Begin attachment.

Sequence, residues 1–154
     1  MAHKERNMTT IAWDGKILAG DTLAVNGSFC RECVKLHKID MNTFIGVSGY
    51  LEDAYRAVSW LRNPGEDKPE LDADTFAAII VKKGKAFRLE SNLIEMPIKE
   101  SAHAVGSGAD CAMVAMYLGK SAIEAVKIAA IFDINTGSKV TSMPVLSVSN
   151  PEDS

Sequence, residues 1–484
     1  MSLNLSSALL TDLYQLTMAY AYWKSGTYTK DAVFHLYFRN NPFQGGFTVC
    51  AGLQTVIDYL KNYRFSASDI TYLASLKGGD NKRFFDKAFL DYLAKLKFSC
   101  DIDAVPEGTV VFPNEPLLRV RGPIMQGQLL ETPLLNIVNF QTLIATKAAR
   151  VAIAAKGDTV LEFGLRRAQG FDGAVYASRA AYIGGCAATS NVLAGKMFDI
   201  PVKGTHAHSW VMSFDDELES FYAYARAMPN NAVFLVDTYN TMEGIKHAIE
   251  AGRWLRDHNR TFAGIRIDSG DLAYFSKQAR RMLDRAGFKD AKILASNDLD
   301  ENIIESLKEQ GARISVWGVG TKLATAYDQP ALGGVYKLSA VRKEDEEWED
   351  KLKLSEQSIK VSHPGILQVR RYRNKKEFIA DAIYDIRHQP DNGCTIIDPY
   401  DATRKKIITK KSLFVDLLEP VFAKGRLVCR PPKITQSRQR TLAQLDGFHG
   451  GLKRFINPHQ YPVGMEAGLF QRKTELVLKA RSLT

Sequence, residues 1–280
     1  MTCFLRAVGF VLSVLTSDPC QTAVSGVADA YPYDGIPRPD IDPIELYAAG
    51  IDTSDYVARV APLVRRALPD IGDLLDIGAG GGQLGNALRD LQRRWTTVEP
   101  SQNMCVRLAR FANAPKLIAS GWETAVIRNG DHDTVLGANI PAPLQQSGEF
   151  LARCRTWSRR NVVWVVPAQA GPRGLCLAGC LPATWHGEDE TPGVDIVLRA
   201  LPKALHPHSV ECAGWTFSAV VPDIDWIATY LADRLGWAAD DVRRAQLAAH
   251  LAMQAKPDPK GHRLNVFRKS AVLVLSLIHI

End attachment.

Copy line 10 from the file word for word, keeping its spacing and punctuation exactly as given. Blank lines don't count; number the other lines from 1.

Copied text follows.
   151  VAIAAKGDTV LEFGLRRAQG FDGAVYASRA AYIGGCAATS NVLAGKMFDI